04/22/2013 4:21PM

Kentucky Derby workouts: Oxbow has strong five-furlong breeze

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LOUISVILLE, Ky. – After a hectic Sunday that featured workouts from five likely Kentucky Derby starters, including potential favorite Verrazano, things quieted down a bit Monday morning.

Only one horse presently committed to the race, Oxbow, turned in an official workout during the 15-minute session reserved for Derby and Kentucky Oaks starters, with two other potential starters, both from the barn of trainer Bob Baffert, Power Broker and Code West, also breezing.

Monday also featured the first local appearance by Vyjack, who suffered his lone defeat when finishing third behind Verrazano and Normandy Invasion in the Grade 1 Wood Memorial, and a very impressive “gallop” by Frac Daddy that didn’t fall too far shy of becoming a recorded work.

As was the case the previous morning, the skies were clear and the temperature hovered around a chilly 40 degrees when the racetrack opened at 5:45 a.m.

Monday at Churchill

42 degrees, sunny, fast

Oxbow (five furlongs in 1:00.95) breezed closer to six furlongs than five as he took a long run at the pole after being released from the pony by trainer D. Wayne Lukas. With jockey Gary Stevens aboard, Oxbow showed a high energy level right from the start, and Stevens did well to slow him down to a 24.42-second opening quarter and 36.36 three-furlong split.

Running with his head cocked inward, Oxbow fanned out about four paths wide entering the stretch, switched leads right on cue, and was straight as a string to the wire, completing his final quarter in 24.59 without any urging by Stevens.

[ROAD TO THE KENTUCKY DERBY: Prep races, point standings, replays]

Although in past years, Lukas’s Derby runners rarely did much during the gallop-out, Oxbow continued on strongly into and around the turn, getting six furlongs in 1:14.48 before pulling up seven-eighths in 1:28.67. It was a sharp move for a horse who may fly under the radar a bit and figures to show much more early speed after being hauled back early and turning in a disappointing effort in the Arkansas Derby.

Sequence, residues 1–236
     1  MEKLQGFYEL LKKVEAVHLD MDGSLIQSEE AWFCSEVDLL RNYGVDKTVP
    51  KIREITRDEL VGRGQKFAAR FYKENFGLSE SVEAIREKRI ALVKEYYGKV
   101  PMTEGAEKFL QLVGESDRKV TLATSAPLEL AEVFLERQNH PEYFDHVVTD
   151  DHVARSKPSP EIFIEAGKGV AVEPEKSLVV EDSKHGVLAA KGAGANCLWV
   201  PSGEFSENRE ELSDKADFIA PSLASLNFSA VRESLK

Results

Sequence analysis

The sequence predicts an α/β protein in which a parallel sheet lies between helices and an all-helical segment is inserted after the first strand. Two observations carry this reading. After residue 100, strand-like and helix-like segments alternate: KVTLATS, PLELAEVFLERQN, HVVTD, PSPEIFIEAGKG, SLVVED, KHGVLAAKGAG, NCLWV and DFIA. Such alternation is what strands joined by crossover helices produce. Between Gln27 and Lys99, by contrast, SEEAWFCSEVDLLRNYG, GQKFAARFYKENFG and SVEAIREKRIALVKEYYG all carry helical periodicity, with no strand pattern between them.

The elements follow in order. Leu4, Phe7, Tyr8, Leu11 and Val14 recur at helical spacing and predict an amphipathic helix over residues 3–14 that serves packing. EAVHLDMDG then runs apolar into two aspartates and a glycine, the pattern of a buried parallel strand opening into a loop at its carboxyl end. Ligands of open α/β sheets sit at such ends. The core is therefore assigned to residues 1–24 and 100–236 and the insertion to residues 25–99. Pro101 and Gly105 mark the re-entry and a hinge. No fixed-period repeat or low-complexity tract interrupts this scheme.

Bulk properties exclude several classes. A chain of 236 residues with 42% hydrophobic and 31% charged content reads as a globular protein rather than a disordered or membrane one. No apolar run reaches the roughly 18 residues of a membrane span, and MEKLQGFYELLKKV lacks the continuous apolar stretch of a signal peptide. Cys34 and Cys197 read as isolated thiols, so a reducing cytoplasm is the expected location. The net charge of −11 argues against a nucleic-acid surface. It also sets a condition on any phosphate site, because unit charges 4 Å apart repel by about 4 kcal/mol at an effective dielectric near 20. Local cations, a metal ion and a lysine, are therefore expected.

Power Broker’s (six furlongs in 1:12.36) final time is a lot more impressive than the work itself. Going in company with Baffert’s Kentucky Oaks contender, Midnight Lucky, Power Broker broke off at the 5 1/2-furlong pole about three lengths in front of his partner and quickly increased that advantage to nearly five lengths after a 23.51 opening quarter and 35.21 three-eighths split.

But Midnight Lucky, with jockey Mike Smith aboard, used a quick burst of speed to draw even at the quarter pole and, despite coming wider into the stretch, was much the best down the lane. Midnight Lucky readily edged away from Power Broker, who was put to the whip six times from the head of the stretch to the wire in a futile attempt to keep pace.

He was under continued urging through the end of the work at the 7 1/2-furlong pole, finishing about a length behind, and during the gallop out, ultimately completing seven furlongs in 1:26.68.

[KENTUCKY DERBY WORKOUTS: Video analysis, news, and times]

With only 10 qualifying points, it is unlikely that Power Broker will make the Derby lineup.

Code West (five furlongs in 1:01.06) did not work as fast as Power Broker but was easily the more impressive of the pair. Breaking off at the 4 1/2-furlong pole two lengths in advance of the 4-year-old, Grade 1-placed Fed Biz, Code West was allowed to go an easy opening three-eighths in 37.76, then readily kept pace with his older and more accomplished mate, with neither under any pressure to complete a final quarter to the 7 1/2-furlong pole in 23.30.

The two continued on even terms around the bend, with Code West galloping out six furlongs in a sharp 1:13.80 before pulling up seven-eighths in 1:28.77.

Frac Daddy did not work but came close to it, turning in a high-energy “open gallop” during which he clicked off a steady series of sub-14-second one-furlong splits from the five-furlong pole back around, covering a mile in 1:48.70.

Although he appears to have a stride more befitting a horse who’d prefer turf or synthetic surfaces, Frac Daddy certainly has shown an affinity for the Churchill Downs strip and obviously came out of his second-place finish in the Arkansas Derby as good as, if not better than, he went in.

Vyjack went to the track shortly after it opened for training and did little more than jog a mile on the outside fence to get acquainted with the surroundings, although he seemed on his toes and wanting to do more.